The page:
The Seasoning Guide Part 1

November 8, 2019

Let’s discuss the number one thing that we talk with people about here at Smithey: Seasoning.

A quick Google search yields more articles and videos than one could ever digest on this topic. As a matter of fact, when you search for cast iron, you get just as many results on seasoning as you do on the cookware itself.

We’ve heard from customers who swear by one technique, and then talk to another cast iron aficionado not ten minutes later who swears by something completely different. And here’s the thing, both can be right.

At its core, seasoning is the process of creating a thin layer of oil that, when heated to an appropriate temperature, cures over the surface of your cast iron cookware. Like a layer of paint over your house, seasoning protects your cast iron cookware from the elements and enhances its naturally non-stick surface.

Seasoning is an evolution. What you see when you open your Smithey for the first time will be completely different than what YOUR Smithey looks like after a week of use, which will evolve again after a year of use. And that’s what makes it YOURS.

As you cook, your Smithey will begin to develop a more mature (darker) seasoning layer. This change doesn’t happen overnight, and it doesn’t necessarily happen uniformly all at once. Not to worry, however; this won’t affect the performance of your cookware in any way.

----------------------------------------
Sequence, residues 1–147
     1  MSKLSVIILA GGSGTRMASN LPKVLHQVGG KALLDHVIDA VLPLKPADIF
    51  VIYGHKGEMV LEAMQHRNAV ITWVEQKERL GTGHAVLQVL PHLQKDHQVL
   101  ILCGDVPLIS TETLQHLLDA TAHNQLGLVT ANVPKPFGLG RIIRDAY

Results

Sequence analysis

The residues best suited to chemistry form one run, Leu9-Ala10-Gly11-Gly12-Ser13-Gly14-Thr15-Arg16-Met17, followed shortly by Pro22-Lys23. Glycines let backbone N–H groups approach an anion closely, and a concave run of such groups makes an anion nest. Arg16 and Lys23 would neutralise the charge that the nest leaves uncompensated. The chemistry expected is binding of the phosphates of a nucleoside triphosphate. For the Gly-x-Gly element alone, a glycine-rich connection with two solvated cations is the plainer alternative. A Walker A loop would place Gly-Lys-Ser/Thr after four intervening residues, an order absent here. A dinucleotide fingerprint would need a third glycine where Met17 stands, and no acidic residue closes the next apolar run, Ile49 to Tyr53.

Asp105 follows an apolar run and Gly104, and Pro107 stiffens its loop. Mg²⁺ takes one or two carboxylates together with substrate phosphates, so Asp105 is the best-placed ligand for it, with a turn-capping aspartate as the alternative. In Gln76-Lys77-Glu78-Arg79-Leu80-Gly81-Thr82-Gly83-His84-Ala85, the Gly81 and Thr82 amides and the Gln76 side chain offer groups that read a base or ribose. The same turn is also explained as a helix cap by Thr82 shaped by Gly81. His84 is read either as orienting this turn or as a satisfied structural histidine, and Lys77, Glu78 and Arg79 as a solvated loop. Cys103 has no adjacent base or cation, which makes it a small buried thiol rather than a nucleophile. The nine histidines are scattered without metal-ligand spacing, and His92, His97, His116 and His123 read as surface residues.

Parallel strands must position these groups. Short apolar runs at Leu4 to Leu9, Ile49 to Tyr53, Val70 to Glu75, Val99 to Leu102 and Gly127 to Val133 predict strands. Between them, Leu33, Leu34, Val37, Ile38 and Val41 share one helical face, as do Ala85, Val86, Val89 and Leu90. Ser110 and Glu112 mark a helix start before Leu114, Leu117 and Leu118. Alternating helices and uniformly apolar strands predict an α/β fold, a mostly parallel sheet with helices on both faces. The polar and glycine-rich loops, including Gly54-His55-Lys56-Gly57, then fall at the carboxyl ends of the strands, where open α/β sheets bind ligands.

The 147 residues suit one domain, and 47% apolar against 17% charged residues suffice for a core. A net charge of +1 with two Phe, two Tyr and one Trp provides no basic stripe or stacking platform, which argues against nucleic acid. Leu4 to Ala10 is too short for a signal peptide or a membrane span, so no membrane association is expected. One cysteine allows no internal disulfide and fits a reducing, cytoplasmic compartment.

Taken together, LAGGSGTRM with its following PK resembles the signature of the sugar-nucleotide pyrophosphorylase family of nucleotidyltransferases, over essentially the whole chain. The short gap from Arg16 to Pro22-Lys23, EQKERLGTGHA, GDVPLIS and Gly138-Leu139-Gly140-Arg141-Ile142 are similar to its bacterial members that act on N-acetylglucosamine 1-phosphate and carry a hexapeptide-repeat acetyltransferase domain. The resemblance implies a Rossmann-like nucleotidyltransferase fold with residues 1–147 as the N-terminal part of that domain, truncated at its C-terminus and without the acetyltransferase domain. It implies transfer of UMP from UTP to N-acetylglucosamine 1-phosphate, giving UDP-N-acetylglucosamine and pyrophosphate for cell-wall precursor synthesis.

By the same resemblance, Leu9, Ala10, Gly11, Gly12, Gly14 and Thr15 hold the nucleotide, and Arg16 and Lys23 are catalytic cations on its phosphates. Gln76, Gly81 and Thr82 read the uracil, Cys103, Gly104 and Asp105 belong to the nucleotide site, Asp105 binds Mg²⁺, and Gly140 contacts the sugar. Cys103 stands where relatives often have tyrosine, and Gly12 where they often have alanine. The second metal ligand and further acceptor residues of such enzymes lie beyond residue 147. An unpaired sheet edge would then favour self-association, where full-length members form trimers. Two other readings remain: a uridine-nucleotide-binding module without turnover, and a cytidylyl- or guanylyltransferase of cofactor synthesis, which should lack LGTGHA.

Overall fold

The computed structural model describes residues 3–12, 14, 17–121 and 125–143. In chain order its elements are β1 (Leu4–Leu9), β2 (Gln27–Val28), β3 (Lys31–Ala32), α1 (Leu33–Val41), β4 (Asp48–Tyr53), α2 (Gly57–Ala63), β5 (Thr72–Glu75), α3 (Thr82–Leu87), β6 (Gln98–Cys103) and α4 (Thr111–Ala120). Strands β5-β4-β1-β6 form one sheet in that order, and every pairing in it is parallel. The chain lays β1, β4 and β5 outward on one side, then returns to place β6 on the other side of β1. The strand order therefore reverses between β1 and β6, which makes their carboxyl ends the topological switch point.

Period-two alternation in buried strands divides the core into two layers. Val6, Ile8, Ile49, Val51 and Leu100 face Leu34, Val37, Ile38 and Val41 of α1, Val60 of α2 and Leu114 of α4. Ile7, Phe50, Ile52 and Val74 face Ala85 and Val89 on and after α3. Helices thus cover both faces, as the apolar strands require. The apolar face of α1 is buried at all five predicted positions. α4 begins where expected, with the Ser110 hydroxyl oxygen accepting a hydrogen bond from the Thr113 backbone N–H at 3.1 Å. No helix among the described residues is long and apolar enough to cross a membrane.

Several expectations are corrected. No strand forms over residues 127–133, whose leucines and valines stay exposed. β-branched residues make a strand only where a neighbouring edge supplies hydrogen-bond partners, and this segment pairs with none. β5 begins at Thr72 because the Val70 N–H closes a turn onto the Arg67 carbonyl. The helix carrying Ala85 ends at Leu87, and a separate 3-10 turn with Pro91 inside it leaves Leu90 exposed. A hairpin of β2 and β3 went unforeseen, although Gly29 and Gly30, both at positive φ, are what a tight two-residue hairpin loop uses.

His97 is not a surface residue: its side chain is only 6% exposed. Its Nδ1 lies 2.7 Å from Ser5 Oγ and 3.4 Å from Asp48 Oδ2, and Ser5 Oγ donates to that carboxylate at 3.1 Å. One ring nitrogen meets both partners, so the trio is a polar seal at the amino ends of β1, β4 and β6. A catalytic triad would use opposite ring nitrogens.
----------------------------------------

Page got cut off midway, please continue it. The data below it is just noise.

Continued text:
To show you what we mean, we’ve illustrated how your seasoning layer matures with the simple equation below… But first, a quick bit of science behind the process. All seasoning methods follow a basic equation: heat+fat=seasoning. Furthermore, this process (also known as polymerization) happens naturally as you cook with your Smithey. Baking and frying with your cookware is also a great way to speed up seasoning.

One major misconception we often hear from our friends in the Smithey community is that seasoning needs to be built up in thick layers. Not true. A polished cast iron skillet, such as a Smithey, requires only a thin layer of seasoning. We stress this key element of a thin layer because too much oil can create a gummy or uneven surface that has a tendency to pool or flake when cooking. A thin layer of coating is also much less prone to chipping or flaking over time as a thick or textured layer would be.

We don’t feel strongly about the type of oil that you should use to season your cookware with, we use grape seed here at Smithey HQ. However, a variety of oils may be used or even lard. We do recommend steering you away from fats with a lower smoke point however like butter or olive oil. The bottom line is this: Seasoning cast iron shouldn’t be intimidating, and any missteps can be easily corrected.

Below are a few of our favorite dedicated seasoning methods. This isn’t an all-inclusive list by any means. No two seasoning methods are the same, just like no two Smitheys are the same—which is what we’ve always loved about cast iron in the first place. Your Smithey will be unique to you and your family. Use it well.


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